Williston gets first direct flight from Houston
WILLISTON, N.D. -- United Airlines’ inaugural direct flight from Houston touched down and taxied beneath a celebratory splash of water at Sloulin Field International Airport on Tuesday.
The 50-seat flight increases United’s flights in and out of Williston to five, a move that will help, but won’t ease the crush of passengers, said airport manager Steven Kjergaard.
“Adding an additional flight will help alleviate the strain and open up different markets to us such as the oil industry,” Kjergaard said. “It’ll also add the leisure market for us in Mexico, South America and Central America.”
Delta Air Lines offers four flights per day, which makes a total of nine flights for the Oil Patch airport that has boomed along with the oil and gas industry and the local population.
Williston has had 62,682 boardings through July, running more 10,000 boardings ahead of the same period in 2013. For July, the 9,323 boardings at Williston were triple what the airport had for boardings in the entire year of 2005.
For Mike Clynes, a project director for Texas-based MBA Construction, the direct flight from Houston to Williston is the “way to go.” He said he travels to Williston one to two times each month, facilitating support to oil and gas projects.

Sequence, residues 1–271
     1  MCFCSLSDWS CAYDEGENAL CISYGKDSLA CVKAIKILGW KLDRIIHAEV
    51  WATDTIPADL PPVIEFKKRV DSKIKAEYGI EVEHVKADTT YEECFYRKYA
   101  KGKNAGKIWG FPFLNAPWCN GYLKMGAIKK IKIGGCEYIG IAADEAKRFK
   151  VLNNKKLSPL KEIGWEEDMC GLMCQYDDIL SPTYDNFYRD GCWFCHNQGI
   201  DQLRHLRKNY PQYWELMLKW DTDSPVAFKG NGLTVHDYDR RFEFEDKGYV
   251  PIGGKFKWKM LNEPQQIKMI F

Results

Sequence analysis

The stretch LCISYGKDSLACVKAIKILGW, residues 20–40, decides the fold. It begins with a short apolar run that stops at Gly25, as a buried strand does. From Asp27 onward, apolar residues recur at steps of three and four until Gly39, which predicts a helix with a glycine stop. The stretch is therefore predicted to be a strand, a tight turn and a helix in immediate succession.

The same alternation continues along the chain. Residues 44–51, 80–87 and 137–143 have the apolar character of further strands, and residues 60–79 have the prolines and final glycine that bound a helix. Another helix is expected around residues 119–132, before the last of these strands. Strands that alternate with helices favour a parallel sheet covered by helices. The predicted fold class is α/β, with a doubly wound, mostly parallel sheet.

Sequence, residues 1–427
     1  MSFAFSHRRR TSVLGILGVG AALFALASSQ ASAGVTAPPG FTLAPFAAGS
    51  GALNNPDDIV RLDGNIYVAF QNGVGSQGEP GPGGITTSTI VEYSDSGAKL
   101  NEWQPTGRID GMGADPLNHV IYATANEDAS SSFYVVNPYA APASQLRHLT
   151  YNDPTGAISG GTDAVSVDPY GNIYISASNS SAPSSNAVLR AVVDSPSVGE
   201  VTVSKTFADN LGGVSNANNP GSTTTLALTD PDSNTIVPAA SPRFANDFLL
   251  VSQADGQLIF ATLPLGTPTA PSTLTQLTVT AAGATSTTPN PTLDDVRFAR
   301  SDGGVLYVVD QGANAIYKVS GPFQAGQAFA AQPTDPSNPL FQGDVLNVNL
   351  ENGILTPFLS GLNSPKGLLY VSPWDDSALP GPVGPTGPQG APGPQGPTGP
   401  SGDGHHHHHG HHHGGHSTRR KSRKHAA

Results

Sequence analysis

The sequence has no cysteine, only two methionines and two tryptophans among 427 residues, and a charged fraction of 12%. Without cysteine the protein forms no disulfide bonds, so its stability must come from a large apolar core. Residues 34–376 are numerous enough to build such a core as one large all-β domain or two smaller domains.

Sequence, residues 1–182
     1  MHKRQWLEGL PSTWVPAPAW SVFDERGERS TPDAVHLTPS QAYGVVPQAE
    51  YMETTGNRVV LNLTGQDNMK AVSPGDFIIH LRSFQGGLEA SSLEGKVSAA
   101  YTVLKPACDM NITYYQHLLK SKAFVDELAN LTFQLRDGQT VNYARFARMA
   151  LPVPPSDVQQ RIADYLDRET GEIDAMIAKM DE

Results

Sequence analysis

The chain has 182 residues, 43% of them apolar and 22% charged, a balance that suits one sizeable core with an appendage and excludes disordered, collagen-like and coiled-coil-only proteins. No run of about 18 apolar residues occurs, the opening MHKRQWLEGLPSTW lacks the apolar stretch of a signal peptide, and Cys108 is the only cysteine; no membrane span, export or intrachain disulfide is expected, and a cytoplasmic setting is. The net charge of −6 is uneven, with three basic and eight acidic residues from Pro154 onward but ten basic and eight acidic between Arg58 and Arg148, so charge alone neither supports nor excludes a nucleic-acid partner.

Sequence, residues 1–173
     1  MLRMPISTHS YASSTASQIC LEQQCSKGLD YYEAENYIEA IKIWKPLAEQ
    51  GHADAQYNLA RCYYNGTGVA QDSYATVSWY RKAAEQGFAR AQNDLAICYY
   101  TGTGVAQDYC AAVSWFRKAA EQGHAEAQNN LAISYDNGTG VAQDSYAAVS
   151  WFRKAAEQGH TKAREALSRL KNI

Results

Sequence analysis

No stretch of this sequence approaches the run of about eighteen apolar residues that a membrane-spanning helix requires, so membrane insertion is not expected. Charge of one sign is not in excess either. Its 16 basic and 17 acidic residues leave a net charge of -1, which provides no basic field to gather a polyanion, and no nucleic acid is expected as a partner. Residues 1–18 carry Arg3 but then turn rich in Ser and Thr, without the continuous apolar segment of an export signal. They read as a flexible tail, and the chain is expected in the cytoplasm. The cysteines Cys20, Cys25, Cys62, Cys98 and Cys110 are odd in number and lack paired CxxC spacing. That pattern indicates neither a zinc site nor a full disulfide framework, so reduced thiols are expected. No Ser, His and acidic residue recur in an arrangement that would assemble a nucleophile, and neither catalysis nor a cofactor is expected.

“It’s easier, more efficient and quicker. It allows us to produce more work for the oil and gas industry,” he said.
Williston City Commission Chris Brostuen said the direct flight was a great deal, one that signals a positive step for the city.
“It kind of reflects back to when the FAA administrator was here. He talked about airlines being the engine for economic growth and commerce. I think this is a good example of that. It's moving business people, industry people from Texas directly to Williston,” he said.
July marked another record month for boardings in North Dakota, posting 111,058 passengers, an increase of 8.5 percent over last year. That’s nearly double from the boardings in July 2005.
“The airports in western North Dakota continue to show large increases in passenger numbers, however the eastern airports have been busy as well,” Kyler Wanner, director of the North Dakota Aeronautics Commission, said in a statement.
Kjergaard said the Williston airport and terminal cannot serve all its potential customers without an expansion or a brand new facility.
He said if everything goes well, the goal is for a new airport to be opened by 2017.
The FAA has made initial comments on an environmental assessment submitted by the airport, Kjergaard said, adding that a public hearing will be taking place in the near future.
“We'll also have our preferred alternative site out in that public comment period, so we'll be able to show you and speak about what that preferred alternative is. We're still on track to have the environmental assessment done by the end of this year,” Kjergaard said.
The options include expansion of the existing airport, a site about a mile off the city’s truck bypass and a site about eight miles to the north of the current site and then three miles to the west.
Kjergaard said he hopes to begin purchasing land next year from landowners, some who have “questions about everything” and others who may be reluctant to sell their land.
“There's some that could possibly hold us up. They don't want to sell, a lot of it's been in their family a long time,” he said.